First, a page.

Sunapple Kitchens Offer Commercial Kitchen Space for Entrepreneurs

Kitchens that once turned out hot lunches for ARC Industries employees are now an opportunity for small businesses to access commercial kitchens while offering meaningful employment for adults with developmental disabilities.

When the demand for lunches dipped and the kitchens stopped serving meals in February 2012, ARC Industries looked at their resources and what might help the community and developed Sunapple Kitchens.

“We really felt like there was a need to offer this resource to the community,” says ARC Industries CEO Teresa Kobelt.

The four kitchens, each with different licenses and specialties, are found at ARC locations across the city.

  • • Sunapple Kitchens North: commercial cannery handling high-acid foods like barbecue sauces and salsas
  • • Sunapple Kitchens West: certified gluten-free baking facility with a frozen food license
  • • Sunapple Kitchens East & South: focus on a broader base as more general-use kitchens with bakery, frozen foods, catering and meat HACCP certifications

Sunapple Kitchens are not a rental kitchen. Vendors work with ARC employees to train the person who will be making their product. Entrepreneurs end up with not only a space to produce their goods, but also a workforce.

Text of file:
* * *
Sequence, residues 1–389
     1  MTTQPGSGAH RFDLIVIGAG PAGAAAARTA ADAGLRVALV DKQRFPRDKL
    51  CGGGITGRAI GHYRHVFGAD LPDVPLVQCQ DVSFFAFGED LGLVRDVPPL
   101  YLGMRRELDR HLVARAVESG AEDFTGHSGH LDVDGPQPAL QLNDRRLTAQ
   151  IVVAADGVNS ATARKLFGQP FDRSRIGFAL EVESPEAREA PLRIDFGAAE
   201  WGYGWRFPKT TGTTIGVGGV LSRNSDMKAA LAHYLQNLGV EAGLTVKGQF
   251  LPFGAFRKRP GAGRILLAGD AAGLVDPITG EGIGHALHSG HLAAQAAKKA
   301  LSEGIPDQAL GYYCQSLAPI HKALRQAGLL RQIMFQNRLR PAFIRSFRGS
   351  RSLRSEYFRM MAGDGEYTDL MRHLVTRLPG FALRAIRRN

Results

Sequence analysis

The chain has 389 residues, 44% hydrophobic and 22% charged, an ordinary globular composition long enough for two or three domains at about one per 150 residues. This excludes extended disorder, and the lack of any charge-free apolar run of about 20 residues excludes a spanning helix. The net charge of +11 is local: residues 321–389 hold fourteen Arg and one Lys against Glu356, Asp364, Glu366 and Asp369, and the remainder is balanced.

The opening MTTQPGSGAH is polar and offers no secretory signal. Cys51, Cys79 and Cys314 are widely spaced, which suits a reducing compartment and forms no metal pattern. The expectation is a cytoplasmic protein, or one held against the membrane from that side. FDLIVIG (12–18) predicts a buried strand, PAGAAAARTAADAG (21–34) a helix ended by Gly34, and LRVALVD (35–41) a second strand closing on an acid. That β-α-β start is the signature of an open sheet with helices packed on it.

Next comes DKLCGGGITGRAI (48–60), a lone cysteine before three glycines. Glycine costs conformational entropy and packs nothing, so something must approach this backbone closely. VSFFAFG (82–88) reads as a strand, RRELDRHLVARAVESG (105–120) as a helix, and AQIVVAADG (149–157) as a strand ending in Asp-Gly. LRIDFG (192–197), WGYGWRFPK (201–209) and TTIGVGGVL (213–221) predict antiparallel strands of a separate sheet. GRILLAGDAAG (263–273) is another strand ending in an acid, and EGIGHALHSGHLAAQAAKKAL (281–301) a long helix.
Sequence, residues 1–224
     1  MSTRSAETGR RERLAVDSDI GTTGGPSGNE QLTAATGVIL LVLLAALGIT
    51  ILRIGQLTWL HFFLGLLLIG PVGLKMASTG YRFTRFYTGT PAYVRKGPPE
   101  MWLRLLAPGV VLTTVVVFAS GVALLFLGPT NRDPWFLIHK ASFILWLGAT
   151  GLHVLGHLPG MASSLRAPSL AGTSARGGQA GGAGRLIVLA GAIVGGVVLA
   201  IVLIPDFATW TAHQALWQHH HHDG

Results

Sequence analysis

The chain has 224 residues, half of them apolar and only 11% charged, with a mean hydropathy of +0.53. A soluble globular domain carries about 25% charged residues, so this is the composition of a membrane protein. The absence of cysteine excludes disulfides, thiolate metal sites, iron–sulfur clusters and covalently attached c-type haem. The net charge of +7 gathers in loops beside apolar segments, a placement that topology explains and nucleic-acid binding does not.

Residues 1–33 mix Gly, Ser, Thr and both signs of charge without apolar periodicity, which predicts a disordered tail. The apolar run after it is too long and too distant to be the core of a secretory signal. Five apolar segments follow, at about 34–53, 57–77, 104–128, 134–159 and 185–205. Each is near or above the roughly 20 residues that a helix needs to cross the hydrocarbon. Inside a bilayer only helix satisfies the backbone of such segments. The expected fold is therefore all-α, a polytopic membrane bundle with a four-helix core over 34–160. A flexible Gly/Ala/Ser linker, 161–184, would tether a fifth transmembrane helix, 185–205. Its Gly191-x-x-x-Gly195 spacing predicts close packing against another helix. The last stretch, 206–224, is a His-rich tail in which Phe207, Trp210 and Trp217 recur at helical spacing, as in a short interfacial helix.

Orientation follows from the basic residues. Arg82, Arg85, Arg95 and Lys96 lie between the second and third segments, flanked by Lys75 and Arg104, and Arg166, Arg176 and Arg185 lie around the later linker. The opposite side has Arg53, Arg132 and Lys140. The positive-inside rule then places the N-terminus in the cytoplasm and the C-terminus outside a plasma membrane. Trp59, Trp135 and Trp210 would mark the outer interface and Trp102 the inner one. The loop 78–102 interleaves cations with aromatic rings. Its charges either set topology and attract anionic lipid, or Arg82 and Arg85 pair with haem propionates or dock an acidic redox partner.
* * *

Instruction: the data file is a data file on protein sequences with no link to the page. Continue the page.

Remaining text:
“You’re actually paying for an employee instead of a space,” says Kobelt.

The benefits of this set-up are two-fold, offering a chance for small businesses to up production when it otherwise may not have been possible, while also teaching an employee a valuable set of skills.

“You start in your home or some small space and just don’t’ have the capital to grow your business beyond your small space,” Kobelt says. “It’s a much smaller investment to pay a wage than spend the capital,”

Sunapple Kitchens fees are dependent upon many factors, like how many employees it takes to make the product, what the product is and how long it takes to produce, and if any special instructions or equipment are needed. Kitchen availability is also influenced by these variables. With the set-up, goods for multiple vendors can be produced in the kitchen at the same time, but just how many varies.


In addition to production, businesses can contract ARC Industries to package and ship their products. Shipping services make daily stops at the facilities for the other services that ARC provides, meaning the commercial food goods can be sent nationwide as well.

Creating jobs in commercial kitchens has also been meaningful for the employees at ARC.

“ARC industries is an employment training entity, so folks come to the facilities and learn job skills,” says Sandy Frey, Co-Owner and Principal Partner of Integrity Sustainable Planning and Design. “The idea is to be able to take those job skills and training and go out and be employed.”

Typically the kind of work done at ARC locations has been sub-contract, production style work, which Kobelt describes as not a good fit for everybody.

“[Sunapple] has created a lot of other opportunities for people that aren’t interested in production type work,” she says.

“We’re all intrigued about the possibility of this being a replicable model for other communities,” Susan Weber, also  Co-Owner and Principal Partner of Integrity Sustainable Planning and Design, continues. Many communities lack for commercial kitchen space, as well as opportunities for meaningful work for adults with developmental disabilities.

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